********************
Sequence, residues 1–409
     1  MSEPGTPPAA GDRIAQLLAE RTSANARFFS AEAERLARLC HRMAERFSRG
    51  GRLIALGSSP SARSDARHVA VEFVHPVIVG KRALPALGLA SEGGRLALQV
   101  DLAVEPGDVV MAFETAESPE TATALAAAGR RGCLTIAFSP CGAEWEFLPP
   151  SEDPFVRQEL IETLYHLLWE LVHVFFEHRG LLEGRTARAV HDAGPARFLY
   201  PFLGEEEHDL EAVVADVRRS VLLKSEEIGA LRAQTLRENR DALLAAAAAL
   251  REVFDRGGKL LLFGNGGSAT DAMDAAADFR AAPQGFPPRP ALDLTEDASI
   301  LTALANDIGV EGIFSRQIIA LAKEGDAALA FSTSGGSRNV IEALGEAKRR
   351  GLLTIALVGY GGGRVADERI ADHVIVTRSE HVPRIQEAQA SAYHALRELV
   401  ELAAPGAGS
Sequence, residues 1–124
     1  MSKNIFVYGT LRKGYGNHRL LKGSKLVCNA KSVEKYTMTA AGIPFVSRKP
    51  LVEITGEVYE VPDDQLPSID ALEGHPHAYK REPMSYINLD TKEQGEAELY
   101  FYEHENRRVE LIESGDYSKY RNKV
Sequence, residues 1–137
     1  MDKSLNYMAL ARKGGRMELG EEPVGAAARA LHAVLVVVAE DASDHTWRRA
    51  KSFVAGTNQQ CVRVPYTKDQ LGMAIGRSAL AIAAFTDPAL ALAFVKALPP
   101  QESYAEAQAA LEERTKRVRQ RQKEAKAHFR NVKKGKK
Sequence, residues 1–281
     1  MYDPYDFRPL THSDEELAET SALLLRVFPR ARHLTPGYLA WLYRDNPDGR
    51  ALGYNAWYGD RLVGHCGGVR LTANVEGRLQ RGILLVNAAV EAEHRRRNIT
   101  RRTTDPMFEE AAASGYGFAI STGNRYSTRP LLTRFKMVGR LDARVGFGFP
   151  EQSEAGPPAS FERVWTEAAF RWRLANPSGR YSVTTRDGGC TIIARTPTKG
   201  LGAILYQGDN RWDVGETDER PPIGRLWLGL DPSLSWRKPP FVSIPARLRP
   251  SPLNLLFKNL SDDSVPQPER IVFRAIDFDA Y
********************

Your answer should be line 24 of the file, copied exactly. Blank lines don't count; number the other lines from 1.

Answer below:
   201  LGAILYQGDN RWDVGETDER PPIGRLWLGL DPSLSWRKPP FVSIPARLRP